Alastair Davis: Seed money to buy a forest has made a real difference to people's lives

Maintaining population levels and sustaining jobs have proved to be challenges for the Scottish islands, despite the creativity and hard work of those living there.

Alastair Davis, CEO, Social Investment Scotland

South West Mull & Iona Development (SWMID) was set up in 2014 as a response to these very challenges in a bid to regenerate and grow the area in a sustainable and appropriate way.

In November 2015, SWMID bought 760-hectare Tiroran Forest, funded by a £200,000 loan from Social Investment Scotland (SIS) and a £750,000 Scottish Land Fund grant, as well as some additional Highlands and Islands Enterprise grant funding for the first five years. The forest will provide income via timber and leisure use.

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It’s all about developing and capitalising on the skills and ideas of local people, with suggestions for a visitor centre, a campsite, walking routes, adventure playgrounds and woodland crofts.

In the future it is hoped that an onsite saw mill will bring additional job opportunities. The two local ­primary schools use the forest, ­allowing pupils to spend more time learning outdoors and feel part of the forest’s development.

Buying the forest led to SWMID ­creating two new part-time ­permanent jobs in an area where most are ­seasonal. Employment ­benefits have extended further, thanks to the forestry trading company contract requiring the use of local contractors where possible.

This has seen trees harvested by a local company, moved by local ­hauliers and a Mull-based company building a compost toilet in the forest.

SWMID general manager ­Morven Gibson appreciates the ­difference this makes: “We don’t underestimate the ripple effects – this has made a ­significant impact on local people.”

These early successes with forest development have given the board an even greater appetite to make changes and address issues. New additions to the board and the involvement of other local ­people have helped increase their ­confidence and capacity to contribute.

SWMID has also been working with Historic Environment Scotland and HIE to take over the management of the Columba Centre to develop it as a business centre and its new office.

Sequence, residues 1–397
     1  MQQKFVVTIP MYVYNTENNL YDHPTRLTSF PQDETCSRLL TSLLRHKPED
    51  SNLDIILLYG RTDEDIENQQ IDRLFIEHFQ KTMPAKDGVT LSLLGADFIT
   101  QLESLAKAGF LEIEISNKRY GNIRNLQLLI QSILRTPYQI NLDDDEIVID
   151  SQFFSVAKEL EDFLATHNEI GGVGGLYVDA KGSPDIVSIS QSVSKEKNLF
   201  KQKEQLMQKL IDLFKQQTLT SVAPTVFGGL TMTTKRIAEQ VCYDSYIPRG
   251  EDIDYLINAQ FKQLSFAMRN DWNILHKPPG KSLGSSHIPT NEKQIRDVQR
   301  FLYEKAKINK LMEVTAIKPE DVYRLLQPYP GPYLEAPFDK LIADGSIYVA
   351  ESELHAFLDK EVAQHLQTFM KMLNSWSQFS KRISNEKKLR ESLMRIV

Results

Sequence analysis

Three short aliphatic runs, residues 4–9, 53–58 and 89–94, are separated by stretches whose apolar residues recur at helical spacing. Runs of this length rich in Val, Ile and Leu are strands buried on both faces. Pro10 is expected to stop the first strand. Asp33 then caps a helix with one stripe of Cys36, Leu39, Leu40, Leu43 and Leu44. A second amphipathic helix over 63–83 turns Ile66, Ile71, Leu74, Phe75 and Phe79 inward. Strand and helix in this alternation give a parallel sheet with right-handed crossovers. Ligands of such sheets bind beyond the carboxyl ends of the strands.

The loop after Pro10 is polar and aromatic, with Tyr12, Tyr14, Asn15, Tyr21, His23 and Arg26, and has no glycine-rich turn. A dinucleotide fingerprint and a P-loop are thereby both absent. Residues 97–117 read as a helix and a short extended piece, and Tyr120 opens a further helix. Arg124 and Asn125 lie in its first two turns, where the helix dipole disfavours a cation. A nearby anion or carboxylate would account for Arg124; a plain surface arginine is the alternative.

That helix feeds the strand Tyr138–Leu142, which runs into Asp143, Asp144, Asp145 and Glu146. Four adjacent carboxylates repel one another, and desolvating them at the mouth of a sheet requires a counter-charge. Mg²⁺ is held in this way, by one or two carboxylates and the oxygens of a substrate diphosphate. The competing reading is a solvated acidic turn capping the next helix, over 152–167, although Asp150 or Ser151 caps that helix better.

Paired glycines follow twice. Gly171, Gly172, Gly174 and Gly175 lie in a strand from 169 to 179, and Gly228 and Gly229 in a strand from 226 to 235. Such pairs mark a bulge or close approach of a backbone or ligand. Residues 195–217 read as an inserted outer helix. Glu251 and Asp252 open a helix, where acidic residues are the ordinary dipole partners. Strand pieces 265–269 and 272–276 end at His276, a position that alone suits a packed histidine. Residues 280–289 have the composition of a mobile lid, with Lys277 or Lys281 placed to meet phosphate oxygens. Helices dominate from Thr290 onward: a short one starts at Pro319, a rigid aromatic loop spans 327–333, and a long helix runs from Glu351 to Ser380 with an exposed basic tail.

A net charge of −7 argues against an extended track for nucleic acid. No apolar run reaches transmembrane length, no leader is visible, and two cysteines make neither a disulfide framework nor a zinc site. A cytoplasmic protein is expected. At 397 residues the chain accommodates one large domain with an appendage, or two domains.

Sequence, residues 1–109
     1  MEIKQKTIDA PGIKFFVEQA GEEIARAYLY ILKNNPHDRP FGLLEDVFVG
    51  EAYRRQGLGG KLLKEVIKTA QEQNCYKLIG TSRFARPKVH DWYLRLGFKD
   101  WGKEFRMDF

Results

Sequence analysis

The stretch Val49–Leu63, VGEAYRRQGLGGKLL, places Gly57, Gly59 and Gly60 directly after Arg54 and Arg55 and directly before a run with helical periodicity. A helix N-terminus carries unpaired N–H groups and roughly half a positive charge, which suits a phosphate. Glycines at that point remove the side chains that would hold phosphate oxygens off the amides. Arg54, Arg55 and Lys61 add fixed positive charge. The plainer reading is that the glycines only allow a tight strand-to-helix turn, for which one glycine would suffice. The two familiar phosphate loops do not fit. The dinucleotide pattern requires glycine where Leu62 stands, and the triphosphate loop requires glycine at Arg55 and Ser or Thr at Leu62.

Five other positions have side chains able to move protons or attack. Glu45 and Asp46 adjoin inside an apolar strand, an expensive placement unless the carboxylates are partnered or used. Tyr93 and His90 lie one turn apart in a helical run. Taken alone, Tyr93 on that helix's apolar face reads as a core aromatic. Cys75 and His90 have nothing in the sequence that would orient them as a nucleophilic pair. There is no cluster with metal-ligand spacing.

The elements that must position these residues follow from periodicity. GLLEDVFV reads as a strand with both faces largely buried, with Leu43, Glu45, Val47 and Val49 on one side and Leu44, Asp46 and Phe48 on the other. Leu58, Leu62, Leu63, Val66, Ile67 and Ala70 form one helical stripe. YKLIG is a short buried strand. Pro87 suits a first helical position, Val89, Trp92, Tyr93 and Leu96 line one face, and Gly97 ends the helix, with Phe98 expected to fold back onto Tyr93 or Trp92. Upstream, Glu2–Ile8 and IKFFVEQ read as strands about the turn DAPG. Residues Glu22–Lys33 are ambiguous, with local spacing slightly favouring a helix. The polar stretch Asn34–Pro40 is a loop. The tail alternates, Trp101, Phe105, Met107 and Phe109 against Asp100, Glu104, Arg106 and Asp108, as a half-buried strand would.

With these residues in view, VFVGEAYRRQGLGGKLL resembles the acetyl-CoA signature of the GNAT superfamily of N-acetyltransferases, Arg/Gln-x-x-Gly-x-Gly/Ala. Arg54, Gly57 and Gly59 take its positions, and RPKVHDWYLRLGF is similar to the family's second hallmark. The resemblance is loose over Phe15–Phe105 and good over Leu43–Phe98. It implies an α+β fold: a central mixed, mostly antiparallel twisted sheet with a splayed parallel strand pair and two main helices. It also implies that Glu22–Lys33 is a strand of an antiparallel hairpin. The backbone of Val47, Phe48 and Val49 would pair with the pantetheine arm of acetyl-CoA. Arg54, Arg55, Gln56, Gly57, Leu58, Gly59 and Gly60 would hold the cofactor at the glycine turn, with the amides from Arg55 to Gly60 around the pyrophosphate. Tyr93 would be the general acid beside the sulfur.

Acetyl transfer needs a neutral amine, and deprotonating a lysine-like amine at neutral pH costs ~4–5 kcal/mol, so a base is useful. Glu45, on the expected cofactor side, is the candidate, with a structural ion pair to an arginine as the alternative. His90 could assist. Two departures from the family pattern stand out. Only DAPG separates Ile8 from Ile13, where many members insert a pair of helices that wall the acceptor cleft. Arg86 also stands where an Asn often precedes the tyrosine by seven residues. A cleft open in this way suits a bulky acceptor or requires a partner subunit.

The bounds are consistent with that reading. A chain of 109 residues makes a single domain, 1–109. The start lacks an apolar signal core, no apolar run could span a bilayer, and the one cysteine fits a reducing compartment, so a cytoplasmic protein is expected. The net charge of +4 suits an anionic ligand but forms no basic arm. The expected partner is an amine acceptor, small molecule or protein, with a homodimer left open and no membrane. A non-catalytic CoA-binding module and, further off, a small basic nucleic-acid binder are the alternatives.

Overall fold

Future plans include a visitor ­centre, zoning the forest to include a commercial area which would have walks and trails, areas to view ­wildlife and the introduction of woodland crofts. Other ideas include using the forest as a learning ­environment for young people ­seeking a career in ­forestry and land management.

SIS’s loan to South West Mull & Iona Development has had an unexpected but life-changing impact on one Mull family in particular.

Celia Compton moved to the island with her family nine years ago from England. With their two children, Celia and her husband, Philip Yielder, help to provide balance to the island’s ageing population.

Her five-year appointment as SWMID’s financial administrator meant the family could secure a mortgage to build a home on their croft and become more settled.

Celia welcomes what it means for her family: “The key benefit has been the secure income of having this job.

“This has been a gateway to job ­satisfaction for me, a home and ­settled future for my family and we all contribute to the wider community.

“I feel I have options, which I didn’t before. SIS’s involvement was very important – there is a direct connection to my job and all that it has made happen.”

Social Investment Scotland ­provides investment for charities and organisations looking to make a real difference to people’s lives, society or the environment.

Since launching in 2001, SIS has invested more than £56 million in 270 social enterprise projects across Scotland.

More details about SIS investments and their impacts can be found in the SIS annual impact report, which you can find at

Alastair Davis, CEO, Social Investment Scotland.